His conversion to the resistance is seen in a scene with Rick when he pours himself a glass of sparking water.  He glances at the water bottle, notes that it bears the brand "Vichy Water," grimaces, and drops it in a trash can, signifying that he who has accommodated Vichy France is now rejecting it.  It is a subtle but pivotal scene in the film.  Rick has made the statement to Ilsa, "If we stop breathing, we’ll die. If we stop fighting our enemies, the world will die."  Captain Renault has decided to opt with Rick to fight for the world.

That scene embraces the experience facing Americans.  Places such as South Dakota are Vichy states.  They are
dominated by people with racist and class attitudes as the foundation of their political agendas.  Racism, like all malevolent prejudices, is grounded upon the belief in inequality.  Although most people living in a democracy profess a belief in equality, many people betray that belief in their words and actions.  They cling to the social order of the dog pack and the chicken flock as the paradigm according which society operates.  They adhere to the feudal notion of a chain being in which people have ranks of inferiority and superiority.  And these people always place themselves in the higher ranks, which give them license to demean and persecute those they deem in the lower ranks.

Americans are faced with the options of going along with the corruption and racial-based treachery of the Trump regime, a head-in-the-sand tolerance, or an all-out resistance.  Those of us in South Dakota have already had the choice made for us by a majority that has expressed its preference for corruption, administrations of nepotism and cronyism.  South Dakotans elected Kristi Noem, a woman with a political record of fecklessness, nepotism, lying, and playing politics for her personal benefit, much in the line of Trump, to be their governor.  Many others have taken the head-in-the-sand  option.  They seem to adhere to the notion that their malice-harboring neighbors are just people with different political opinions and tend to ignore the ill-will displayed in the political campaigns and the corruption engendered by the dominant party.  And then there are those who see the corruption and the dishonesty as something that must be resisted.  

There is a remote hope in South Dakota that enough people will pull their heads out of the sand and see the lethal effects of drinking the South Dakota version of Vichy water--a belief that their corruption-loving neighbors are fundamentally nice. That hope is that the political process of the ballot box can be a corrective.  But that hope is the depth of foolery in a state where the people have passed an initiative to address the corruption and the legislature successfully dismissed it.  In a democracy, as we found out in the Viet Nam War era, sometimes politics doesn't work.  Politics as a means of change and the rule of honesty and decency has been disabled in South Dakota.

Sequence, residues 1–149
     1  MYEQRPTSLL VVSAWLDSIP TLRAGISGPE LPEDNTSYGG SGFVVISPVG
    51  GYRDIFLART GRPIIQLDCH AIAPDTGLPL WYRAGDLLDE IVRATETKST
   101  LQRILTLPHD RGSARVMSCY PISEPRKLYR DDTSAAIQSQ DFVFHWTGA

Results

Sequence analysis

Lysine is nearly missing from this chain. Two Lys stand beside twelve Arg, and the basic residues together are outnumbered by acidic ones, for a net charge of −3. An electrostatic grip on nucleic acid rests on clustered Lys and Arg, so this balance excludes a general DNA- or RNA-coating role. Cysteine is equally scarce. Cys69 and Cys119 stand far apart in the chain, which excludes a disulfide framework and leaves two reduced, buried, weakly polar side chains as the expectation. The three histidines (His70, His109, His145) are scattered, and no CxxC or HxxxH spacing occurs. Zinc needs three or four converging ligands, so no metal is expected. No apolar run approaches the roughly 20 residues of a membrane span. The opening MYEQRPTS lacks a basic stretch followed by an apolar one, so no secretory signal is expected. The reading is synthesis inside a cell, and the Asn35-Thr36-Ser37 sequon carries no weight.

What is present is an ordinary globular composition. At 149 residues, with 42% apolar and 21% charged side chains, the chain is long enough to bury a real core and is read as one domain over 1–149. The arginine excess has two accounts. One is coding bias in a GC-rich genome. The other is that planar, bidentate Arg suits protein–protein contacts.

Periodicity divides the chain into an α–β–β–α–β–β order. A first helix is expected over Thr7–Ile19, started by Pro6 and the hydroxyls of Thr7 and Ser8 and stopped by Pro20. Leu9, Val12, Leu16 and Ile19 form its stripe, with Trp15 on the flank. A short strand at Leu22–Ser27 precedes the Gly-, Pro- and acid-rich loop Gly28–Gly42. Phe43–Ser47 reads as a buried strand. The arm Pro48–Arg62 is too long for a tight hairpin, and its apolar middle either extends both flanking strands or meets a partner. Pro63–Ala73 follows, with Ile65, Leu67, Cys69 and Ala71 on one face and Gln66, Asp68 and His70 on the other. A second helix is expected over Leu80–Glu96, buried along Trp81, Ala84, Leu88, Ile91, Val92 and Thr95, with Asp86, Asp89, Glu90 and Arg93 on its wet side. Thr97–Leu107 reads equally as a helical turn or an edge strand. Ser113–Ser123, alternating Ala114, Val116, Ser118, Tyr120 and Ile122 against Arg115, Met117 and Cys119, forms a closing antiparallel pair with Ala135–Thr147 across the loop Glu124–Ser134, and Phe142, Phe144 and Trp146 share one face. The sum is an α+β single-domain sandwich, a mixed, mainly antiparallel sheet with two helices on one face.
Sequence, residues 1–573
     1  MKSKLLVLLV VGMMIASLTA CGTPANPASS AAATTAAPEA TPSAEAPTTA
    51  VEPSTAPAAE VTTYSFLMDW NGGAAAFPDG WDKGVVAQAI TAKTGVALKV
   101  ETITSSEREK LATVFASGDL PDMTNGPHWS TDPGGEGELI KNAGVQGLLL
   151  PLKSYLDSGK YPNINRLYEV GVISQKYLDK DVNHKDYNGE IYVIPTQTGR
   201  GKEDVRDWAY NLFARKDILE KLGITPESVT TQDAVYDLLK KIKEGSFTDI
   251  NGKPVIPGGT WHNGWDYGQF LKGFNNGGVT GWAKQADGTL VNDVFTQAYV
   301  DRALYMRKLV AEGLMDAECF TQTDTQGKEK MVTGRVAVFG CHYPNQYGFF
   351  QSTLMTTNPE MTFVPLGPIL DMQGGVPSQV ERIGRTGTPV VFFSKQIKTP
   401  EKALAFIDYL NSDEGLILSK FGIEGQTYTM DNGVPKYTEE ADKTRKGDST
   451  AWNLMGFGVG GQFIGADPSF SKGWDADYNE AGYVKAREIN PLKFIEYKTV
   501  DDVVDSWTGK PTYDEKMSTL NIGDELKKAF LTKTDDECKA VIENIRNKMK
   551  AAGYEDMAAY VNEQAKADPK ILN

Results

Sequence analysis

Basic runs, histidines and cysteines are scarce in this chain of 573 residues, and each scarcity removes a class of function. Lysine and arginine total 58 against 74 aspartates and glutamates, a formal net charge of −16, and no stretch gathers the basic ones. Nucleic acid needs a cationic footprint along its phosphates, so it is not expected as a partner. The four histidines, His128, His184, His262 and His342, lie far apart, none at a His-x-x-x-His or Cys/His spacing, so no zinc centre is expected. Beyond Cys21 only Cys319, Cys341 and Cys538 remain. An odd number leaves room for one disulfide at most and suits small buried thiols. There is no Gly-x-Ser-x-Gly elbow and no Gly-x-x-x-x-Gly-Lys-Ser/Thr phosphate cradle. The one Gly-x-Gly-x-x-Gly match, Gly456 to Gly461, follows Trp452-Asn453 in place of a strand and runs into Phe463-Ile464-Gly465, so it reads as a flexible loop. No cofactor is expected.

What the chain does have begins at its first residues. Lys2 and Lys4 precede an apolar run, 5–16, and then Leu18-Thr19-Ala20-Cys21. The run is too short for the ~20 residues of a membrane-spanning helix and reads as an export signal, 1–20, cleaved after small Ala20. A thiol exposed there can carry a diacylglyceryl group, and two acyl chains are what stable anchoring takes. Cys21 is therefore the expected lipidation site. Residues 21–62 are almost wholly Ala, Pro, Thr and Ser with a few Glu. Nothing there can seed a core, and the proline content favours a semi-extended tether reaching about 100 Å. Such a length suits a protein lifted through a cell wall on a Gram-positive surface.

On the national level the relentless dishonesty and corruption of Donald Trump and his mendacious minions has the dedicated support of about a third of the nation.  Although there has been a highly visible and vocal resistance, it has had little effect on stemming the massive onslaught of untruths or the intensity of the malice within his administration and supporters.  As dramatized in Casablanca with Captain Louie Renault, it takes a recognition of where the prevailing political winds are driving us and the resolve to throw the source of our Vichy water into the trash.  Accommodating those who show their hatred for a democracy that strives for liberty, equality, and justice is subversion.  Effective resistance to the malignant that has invaded America will take strong action and cooperative effort of the kind that forges "beautiful friendships," to use Rick's closing words in Casablanca.  

America has to openly recognize its internal enemies and that "If we stop fighting our enemies, the world will die."

Vichy America is here.


1 comment:

Anonymous said...

Thank you for sharing. You are spot on.

Consider viewing and reading the subtitles of, A Nasty Girl, via NETFLIX. This gives insight into Vichy Germany, and even in the 1980s, the uneducated rabble sympathizing with the Nazis. . Between this background and reading many German books describing the era, it is apparent that the Cold War US 'official story' was a lie; that most citizens overtly or covertly supported the regime. Go along to get along. Not much different attitude than that in SD politics.

The documentary, Impossible Peace, via Amazon Prime and other sources, encapsulates the general political tempo of nations citizens between the world wars.

Thanks again for this and the fraternity piece.